This was our mooring the other night at Froxfield which is only 500 yards away from the A4.

The scenery on this canal is lovely- this is Dunmill Lock near Hungerford.

This moorhen spent 10 minutes in front of the side hatch cleaning itself and then drying his wings.

Day 56 Sunday at Thatcham

Sunday, 6 June 2010

The last lock we went through today was Monkey Marsh which is one of only two turf sided locks left on the river section of the K&A. It was cheap to build and the fact that it used a lot of water didn't matter.

It did make me wonder how this sign got like this- who hit it!

To date totals 279 miles, 221 locks, 39 swing/lift bridges, 15 cappuccinos and 4 events.

We are now only a few days away from the Thames although the forecast for the next few days is rain which may delay us a bit. We are going the short way back to the marina. The Grand Union route means another 90 wide locks and an extra 90 miles. Although the backs are feeling a lot better we can save it for another day and take the strain away!

Photos as we go towards Thatcham

Some images of the journey from Devizes back towards the Thames. They reflect the great mixture of things on this canal which is well worth the struggle to get on it and to come to terms with it.

This female mallard befriended me at Kintbury and sat in the shade of my chair for about half an hour.

We went for a walk across Hungerford Marsh and then along the River Kennet.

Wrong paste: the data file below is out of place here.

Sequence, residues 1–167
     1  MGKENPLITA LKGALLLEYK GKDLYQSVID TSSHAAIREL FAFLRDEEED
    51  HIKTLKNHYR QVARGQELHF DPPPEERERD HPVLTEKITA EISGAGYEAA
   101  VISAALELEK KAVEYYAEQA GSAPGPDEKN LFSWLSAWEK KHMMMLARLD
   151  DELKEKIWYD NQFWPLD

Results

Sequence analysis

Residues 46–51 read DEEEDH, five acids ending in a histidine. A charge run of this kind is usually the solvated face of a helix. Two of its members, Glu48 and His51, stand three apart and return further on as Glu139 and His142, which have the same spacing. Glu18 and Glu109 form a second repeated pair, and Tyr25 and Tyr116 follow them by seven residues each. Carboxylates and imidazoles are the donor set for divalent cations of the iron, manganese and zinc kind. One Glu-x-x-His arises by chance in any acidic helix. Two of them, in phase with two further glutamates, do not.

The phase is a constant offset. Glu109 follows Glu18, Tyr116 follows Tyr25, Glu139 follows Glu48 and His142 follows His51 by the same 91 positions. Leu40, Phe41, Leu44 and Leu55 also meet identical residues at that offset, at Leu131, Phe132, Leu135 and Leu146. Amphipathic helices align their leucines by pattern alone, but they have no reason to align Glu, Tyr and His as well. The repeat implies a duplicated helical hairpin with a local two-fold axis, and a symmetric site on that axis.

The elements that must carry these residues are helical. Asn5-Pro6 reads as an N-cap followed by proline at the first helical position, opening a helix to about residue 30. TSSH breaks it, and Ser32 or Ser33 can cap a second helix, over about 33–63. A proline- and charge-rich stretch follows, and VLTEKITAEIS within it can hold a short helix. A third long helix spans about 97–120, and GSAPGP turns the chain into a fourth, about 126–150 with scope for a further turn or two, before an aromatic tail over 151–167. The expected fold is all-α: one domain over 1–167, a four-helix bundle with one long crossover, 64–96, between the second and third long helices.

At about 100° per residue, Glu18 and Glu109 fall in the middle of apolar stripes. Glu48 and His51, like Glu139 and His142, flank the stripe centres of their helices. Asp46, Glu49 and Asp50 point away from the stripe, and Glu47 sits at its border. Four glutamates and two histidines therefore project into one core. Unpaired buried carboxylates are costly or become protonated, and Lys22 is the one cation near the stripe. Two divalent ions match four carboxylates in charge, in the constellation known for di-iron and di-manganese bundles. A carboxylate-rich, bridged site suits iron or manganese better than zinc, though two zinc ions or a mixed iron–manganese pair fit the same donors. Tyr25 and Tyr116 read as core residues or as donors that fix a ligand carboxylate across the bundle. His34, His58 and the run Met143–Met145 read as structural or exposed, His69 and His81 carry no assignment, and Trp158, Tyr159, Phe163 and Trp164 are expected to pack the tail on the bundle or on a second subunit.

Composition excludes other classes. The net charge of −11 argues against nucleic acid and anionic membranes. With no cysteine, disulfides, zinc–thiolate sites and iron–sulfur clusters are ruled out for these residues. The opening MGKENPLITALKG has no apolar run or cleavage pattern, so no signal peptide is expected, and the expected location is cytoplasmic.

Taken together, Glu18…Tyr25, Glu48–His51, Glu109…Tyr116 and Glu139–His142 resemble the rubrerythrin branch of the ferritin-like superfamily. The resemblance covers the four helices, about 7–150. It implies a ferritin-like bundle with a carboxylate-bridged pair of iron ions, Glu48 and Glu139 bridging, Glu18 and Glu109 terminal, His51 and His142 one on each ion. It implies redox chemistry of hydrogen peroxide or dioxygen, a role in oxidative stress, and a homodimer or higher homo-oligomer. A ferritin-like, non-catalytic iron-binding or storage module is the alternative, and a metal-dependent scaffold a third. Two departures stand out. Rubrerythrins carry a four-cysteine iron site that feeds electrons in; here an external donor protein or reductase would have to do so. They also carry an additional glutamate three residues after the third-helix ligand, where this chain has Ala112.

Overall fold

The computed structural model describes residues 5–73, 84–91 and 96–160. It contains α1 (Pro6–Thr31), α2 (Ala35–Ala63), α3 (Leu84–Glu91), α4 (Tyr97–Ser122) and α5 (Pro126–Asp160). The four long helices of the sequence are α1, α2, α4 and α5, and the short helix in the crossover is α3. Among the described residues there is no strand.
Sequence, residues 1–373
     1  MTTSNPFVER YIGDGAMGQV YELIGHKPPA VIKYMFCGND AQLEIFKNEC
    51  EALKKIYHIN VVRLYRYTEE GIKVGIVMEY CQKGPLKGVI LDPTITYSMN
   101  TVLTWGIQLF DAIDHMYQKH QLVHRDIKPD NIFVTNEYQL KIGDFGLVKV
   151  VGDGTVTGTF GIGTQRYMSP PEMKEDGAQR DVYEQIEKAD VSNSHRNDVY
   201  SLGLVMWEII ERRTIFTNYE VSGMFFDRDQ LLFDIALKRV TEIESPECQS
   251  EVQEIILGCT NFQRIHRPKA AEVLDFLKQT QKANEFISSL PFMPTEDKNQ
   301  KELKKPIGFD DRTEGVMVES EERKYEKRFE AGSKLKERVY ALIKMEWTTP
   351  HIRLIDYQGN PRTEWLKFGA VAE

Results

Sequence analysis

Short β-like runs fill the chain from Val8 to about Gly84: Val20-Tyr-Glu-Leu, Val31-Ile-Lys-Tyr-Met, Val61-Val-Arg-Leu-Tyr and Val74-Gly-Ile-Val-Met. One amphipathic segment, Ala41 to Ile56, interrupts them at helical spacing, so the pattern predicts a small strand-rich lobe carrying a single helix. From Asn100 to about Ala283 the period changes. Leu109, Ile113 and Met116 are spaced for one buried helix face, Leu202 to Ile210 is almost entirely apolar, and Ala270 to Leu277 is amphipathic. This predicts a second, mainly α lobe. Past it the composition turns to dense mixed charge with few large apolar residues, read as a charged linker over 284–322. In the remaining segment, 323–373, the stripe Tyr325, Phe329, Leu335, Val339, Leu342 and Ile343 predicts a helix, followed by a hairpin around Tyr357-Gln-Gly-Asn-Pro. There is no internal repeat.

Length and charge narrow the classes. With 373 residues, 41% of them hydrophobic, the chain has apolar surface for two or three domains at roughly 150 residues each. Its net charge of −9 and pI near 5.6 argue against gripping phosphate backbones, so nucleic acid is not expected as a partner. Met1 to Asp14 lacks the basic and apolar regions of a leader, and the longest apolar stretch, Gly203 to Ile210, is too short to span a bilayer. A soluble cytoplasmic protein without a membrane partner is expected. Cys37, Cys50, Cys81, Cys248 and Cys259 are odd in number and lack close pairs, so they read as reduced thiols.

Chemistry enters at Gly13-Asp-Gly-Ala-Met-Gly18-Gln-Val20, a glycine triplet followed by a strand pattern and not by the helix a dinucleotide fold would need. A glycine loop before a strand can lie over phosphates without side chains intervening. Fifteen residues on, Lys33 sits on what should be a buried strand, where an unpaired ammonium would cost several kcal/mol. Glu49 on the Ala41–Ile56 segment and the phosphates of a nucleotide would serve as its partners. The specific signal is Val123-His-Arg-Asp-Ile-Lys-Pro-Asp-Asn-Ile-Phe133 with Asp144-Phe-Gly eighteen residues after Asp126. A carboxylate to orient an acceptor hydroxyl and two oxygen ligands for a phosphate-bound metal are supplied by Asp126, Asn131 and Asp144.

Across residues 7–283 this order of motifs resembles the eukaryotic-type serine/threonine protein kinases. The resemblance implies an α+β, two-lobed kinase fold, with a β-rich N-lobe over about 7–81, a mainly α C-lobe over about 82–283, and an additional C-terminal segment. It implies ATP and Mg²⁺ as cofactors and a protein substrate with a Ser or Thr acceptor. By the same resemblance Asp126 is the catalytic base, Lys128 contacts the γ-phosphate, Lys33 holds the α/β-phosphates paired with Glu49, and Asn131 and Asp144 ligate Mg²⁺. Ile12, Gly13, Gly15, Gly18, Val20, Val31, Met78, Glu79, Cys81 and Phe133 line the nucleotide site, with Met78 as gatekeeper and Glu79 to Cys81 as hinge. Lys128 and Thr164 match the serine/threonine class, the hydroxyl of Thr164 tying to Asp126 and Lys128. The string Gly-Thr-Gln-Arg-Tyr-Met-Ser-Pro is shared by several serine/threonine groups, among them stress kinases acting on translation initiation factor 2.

Another boat name not sure about the licence though!

The lovely Somerset Hospital and almshouses near the canal at Froxfield.

BB moored next to Crofton Pumping Station which was in steam over the Bank Holiday weekend.

Anne and Janet on the old Roman road above Crofton.

The local fisherman know how to live when fishing.

Our mooring at All Cannings with the Vale of Pewsey in the back ground it was very hot.

A nice Dutch barge that came past when we were moored at Bishops Cannings.

Our mooring at Bishops Cannings which was very rural.

Nb Beverley a good name- those who know RAF aircraft will appreciate it.

Day 54 now back in Newbury in sunshine

Friday, 4 June 2010

To date 276 miles,215 locks, 36 swing/lift bridges ,14 cappuccinos and now 4 events (latest was seeing Tornado)

The 3g signal through the Vale of Pewsey has been terrible- we are now back in business in Newbury. The weather has been great and the cruising lovely with some very lazy days. We have had many visitors over the last 2 weeks ie Simon, Janet, Sue, Graham and friends.

This is Tornado she is a new A1 pacific- yours for a modest £3m- it sounds and looks brilliant.

Saw this in Crofton village is it the smallest post box?

This is a view of Crofton Pumping Station set in the Vale of Pewsey

Janet and I walked up Woodborough Hill which over looked the canal, Anne rested in the boat but she is now feeling much better and is back on the locks but taking it very steady.

This is our mooring near Woodborough Hill looking towards Picked or Pickled Hill depending on which book you read.

When we were moored at Bishops Cannings this whole reel of tape used to cover cable buried in the ground was floating in the canal. Luckily it didn't get round any ones propellor.